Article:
Monday, August 31, 2015

Got hack? Must be Hairball Awareness Day

What cat owner doesn't love the soft purr of your feline friend cuddling on your lap. Watching the fun they have unravelling a roll of toilet paper. Or that soft squishy feeling of stepping in a hair ball, barefoot on your way to the bathroom in the morning.

Got hack? Must be Hairball Awareness Day

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What cat owner doesn't love the soft purr of your feline friend cuddling on your lap. Watching the fun they have unravelling a roll of toilet paper. Or that soft squishy feeling of stepping in a hair ball, barefoot on your way to the bathroom in the morning.

Oh, that last one, fun? Not so much.

For all who are familiar with that cringe-worthy hacking sound and what comes next, we have: National Hairball Awareness Day. 

When I first heard about yet another awareness day, I thought for sure it was cooked up by hairball interests - makers of special anti-hairball food or brushes. But there's a serious side to hairballs. Last year the National Museum or Health and Medicine of the Armed Forces at Walter Reede Army Hospital held an exhibit in conjunction with NHAD to help people understand why hairballs form in the stomach. On display were nine human and animal hairballs, (or trichobezoars), like the one above from an ox.

But for those without oxen who must cope with what their kitty expells, there are some solutions. As a multiple cat owner  - of both long and short-haired varieties - I've been a fan of malt paste products both to help prevent hairballs from occuring or help free them once they develop. Some cats do like the taste and will lick it off your fingers.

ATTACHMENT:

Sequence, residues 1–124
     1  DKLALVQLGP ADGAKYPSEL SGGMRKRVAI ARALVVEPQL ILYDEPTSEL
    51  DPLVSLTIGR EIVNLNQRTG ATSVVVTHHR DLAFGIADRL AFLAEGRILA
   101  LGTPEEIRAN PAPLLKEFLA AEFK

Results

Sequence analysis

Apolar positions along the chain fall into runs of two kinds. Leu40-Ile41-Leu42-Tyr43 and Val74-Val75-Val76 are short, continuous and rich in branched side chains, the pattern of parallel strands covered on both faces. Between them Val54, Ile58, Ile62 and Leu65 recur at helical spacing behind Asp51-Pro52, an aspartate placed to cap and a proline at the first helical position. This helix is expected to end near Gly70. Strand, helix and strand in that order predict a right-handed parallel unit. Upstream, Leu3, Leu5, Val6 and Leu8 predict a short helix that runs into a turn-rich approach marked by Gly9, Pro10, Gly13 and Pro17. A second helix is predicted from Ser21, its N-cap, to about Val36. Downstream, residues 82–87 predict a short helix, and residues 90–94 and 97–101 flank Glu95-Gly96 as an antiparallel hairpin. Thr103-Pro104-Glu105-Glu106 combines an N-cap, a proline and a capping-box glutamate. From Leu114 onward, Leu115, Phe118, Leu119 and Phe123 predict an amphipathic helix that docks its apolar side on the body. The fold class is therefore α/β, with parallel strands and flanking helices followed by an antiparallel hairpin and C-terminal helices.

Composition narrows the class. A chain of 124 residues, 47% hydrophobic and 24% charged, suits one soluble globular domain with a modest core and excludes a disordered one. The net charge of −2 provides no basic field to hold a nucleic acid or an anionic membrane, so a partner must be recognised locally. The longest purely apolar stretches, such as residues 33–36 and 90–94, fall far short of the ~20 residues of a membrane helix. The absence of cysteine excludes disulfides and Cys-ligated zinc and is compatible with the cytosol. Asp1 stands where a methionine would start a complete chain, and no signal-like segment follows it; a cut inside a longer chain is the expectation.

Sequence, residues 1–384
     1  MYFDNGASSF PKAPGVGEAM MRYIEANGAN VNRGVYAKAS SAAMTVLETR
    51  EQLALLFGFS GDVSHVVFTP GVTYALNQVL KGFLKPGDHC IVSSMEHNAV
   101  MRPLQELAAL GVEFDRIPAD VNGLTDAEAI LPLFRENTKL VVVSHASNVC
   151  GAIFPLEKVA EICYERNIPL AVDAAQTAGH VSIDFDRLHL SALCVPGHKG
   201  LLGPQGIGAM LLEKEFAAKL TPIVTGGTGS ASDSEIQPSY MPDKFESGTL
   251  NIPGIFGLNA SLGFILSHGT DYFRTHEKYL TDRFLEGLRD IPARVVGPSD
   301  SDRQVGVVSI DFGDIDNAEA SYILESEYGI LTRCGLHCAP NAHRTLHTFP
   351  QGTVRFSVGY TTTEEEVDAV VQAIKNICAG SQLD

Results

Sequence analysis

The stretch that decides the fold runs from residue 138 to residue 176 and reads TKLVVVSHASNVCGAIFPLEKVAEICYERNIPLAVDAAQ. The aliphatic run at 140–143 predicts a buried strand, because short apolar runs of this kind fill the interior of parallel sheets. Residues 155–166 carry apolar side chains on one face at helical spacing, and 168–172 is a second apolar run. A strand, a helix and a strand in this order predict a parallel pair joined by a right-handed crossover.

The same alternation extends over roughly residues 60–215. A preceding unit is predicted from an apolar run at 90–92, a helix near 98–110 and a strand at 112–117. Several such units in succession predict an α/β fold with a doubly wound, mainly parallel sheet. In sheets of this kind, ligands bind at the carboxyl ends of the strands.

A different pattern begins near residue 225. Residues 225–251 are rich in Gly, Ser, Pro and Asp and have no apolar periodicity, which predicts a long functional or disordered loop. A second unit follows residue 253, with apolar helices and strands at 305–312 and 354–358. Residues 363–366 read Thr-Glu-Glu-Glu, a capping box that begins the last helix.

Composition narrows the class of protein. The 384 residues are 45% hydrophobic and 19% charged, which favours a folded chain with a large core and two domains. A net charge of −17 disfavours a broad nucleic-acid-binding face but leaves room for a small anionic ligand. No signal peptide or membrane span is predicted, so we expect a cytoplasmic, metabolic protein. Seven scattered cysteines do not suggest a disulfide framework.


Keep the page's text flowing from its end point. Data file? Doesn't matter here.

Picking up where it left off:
Some recommend feeding your cat a little canned pumpkin with their meals once or twice a week. It helps cut down the amount of hair clogs in the stomach. (Anyone had any success with this approach?)

Frequent brushing to cut down on the amount of hair a cat ingests during cleaning. I have always used metal or bristle brushes and combs, but recently had the opportunity to try out the shedding product called the FURminator, a tool for cats and dogs with a stainless steel edge and ergonomic rubber handle. The toughest part was getting the tool out of the indestructible plastic case - you know the kind that slice people's fingers and send them to the emergency room on Christmas Day.

The FURminator certainly does collect fur. You have to run the blade gently over the cat's fur. Too much vigorous brushing can irritate the skin the directions say. But after watching the demonstration video on the company's web site, I clearly was being too gentle. Perhaps the neatest feature is the ejecter button that pops the hair out for easy disposal, unlike metal bristle brushes where pulling hair out can leave you with knicked fingers. I didn't have the chance before Hairball Awareness Day (April 30) to give it more than a few trys, so I can't gauge whether it does, as the packaging says, reduce shedding by 90 percent.

I will report back if I have fewer soft and squishy "presents" in the weeks ahead.

 

 

 

Inquirer Staff Writer
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Amy Worden Inquirer Staff Writer
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